Although I've always wanted this particular superhuman power, I've never been very good at detecting other men's sexual orientation. Findings from a recent study published in the Journal of Experimental Social Psychology, however, suggest I may be underestimating my gaydar abilities.
The January 2008 study investigated people's ability to identify homosexual men from pictures of their faces alone. In an initial experiment, researchers Nicholas Rule and Nalini Ambady from Tufts University perused online dating sites and carefully selected 45 straight male faces and 45 gay male faces. All of these photos were matched for orientation (only faces shown looking forward were used) and facial alterations (none of the images contained jewelry, glasses or facial hair). To control for context, the faces were also cut and pasted onto a white background for the study. These 90 faces were then shown to 90 participants in random order, who were asked simply to judge the target's "probable sexual orientation" (gay or straight) by pressing a button. Surprisingly, all participants (both men and women) scored above chance on this gaydar task, correctly identifying the gay faces. Even more surprisingly, accuracy rate was just as good when the images were exposed at a rapid rate of only 50 milliseconds, which offered participants no opportunity to consciously process the photo.
A parsimonious explanation for these findings would be that the countenance of these photos—an online dating site—means that they're likely stereotypical in some way. In other words, perhaps it's not the target's face per se that signals his sexual orientation, but the way he expresses himself facially when trying to attract a member of the same or the opposite gender. Or maybe hairstyles are suggestive of sexual orientation. Wary of these possible criticisms, Rule and Ambady conducted a second experiment that controlled for such extraneous variables as self-presentation and hairstyle.
In this second study, the authors used images from the social networking site Facebook rather than online dating Web sites. This way, the targets hadn't so obviously selected photos of themselves meant to attract prospective sexual partners. In fact, the authors had a rather elaborate selection procedure for choosing the target photos in this follow-up study. They first searched for men who'd indicated in their Facebook profile an interest in other men. Then, they did a second search to find other Facebook users who had posted photos of these gay men in their own profile. They followed the identical criteria for straight targets. "Thus," the authors wrote, "by using photos of gay and straight individuals that they themselves did not post, we were able to remove the influence of self-presentation and much of the potential selection bias that may be present in photos from personal advertisements."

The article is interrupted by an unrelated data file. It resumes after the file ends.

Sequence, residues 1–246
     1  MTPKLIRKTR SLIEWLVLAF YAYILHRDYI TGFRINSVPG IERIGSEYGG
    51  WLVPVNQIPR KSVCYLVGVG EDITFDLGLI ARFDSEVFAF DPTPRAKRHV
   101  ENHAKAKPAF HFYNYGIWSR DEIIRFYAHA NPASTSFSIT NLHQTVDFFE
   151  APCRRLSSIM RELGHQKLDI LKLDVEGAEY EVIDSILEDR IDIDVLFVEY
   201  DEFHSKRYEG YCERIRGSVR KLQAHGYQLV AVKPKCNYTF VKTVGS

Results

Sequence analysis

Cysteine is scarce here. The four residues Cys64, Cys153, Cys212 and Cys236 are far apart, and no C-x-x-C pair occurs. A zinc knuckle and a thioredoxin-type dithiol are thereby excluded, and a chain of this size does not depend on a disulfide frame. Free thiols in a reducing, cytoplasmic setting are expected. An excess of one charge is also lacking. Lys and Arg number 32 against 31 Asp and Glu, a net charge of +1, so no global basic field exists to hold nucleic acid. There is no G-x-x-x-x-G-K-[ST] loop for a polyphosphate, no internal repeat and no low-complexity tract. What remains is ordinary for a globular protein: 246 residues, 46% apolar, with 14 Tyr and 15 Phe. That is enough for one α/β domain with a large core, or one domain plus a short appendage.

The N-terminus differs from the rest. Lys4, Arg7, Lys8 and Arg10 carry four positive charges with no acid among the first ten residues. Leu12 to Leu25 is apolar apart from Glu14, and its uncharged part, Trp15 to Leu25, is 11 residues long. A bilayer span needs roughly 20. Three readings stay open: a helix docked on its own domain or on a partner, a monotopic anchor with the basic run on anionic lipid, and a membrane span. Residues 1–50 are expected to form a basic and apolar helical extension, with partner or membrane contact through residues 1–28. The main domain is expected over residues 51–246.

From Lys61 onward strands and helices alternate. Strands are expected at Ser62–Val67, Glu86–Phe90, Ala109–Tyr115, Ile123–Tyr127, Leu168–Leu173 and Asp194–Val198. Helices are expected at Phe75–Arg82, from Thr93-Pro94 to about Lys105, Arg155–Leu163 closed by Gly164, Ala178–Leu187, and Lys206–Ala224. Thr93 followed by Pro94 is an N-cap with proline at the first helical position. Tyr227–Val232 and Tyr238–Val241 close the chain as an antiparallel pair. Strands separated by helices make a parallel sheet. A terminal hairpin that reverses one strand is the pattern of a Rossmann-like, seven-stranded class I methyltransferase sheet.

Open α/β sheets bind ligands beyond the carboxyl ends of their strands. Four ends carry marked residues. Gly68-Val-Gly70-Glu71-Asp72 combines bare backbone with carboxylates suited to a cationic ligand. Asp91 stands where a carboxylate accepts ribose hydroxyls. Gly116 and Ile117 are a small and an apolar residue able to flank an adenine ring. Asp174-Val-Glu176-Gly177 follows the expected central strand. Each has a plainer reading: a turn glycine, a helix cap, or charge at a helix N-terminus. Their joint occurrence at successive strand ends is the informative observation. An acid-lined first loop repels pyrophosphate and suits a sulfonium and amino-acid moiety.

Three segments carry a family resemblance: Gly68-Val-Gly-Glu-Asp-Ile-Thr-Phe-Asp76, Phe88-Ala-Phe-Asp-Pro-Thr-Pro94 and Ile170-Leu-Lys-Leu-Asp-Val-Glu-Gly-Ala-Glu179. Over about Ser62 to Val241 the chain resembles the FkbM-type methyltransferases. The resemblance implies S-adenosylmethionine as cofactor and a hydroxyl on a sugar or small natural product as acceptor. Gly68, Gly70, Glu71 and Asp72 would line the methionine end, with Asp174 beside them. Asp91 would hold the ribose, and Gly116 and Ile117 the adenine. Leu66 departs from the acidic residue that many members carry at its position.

Again, the authors superimposed these male faces (this time 80 gay and 80 straight) onto a white background. They then photoshopped off the participants' hairstyles, this time truly leaving only the faces as a source of information about sexual orientation. And even with these more stringent controls, the participants were able to identify the gay faces at levels greater than chance—again even on those trials where the faces were flickered on the screen for a mere 50 milliseconds.
Furthermore, in an even more rigorously controlled series of experiments published in the Journal of Personality and Social Psychology, Rule and his colleagues replicated their discovery that people are able to accurately guess male sexual orientation. This time, the researchers demonstrated that perceivers were able to do this even when they were shown only individual features of the target's face. For example, when shown only the eye region ("without brows and cropped to the outer canthi so that not even "crow's-feet" were visible"), perceivers were amazingly still able to accurately identify a man as being gay. The same happened when shown the mouth region alone. Curiously, most of the participants underestimated their ability to identify gay faces from these features alone. That is to say, people seem to have honed and calibrated their gaydar without knowing they've done so.
Frankly, these findings are a little puzzling to me. Rule and his co-authors mention a few lackluster evolutionary reasons why it would be biologically adaptive for women to know which men aren't worth the trouble and for men to know who's not really a sexual competitor. But they also acknowledge that it's impossible to know from these findings what exactly it is about these facial features that give gays away. "Future studies," the authors wrote, "may wish to examine what aspects of these features lead to accurate judgments, what their origins might be, and how we acquire the ability to detect them."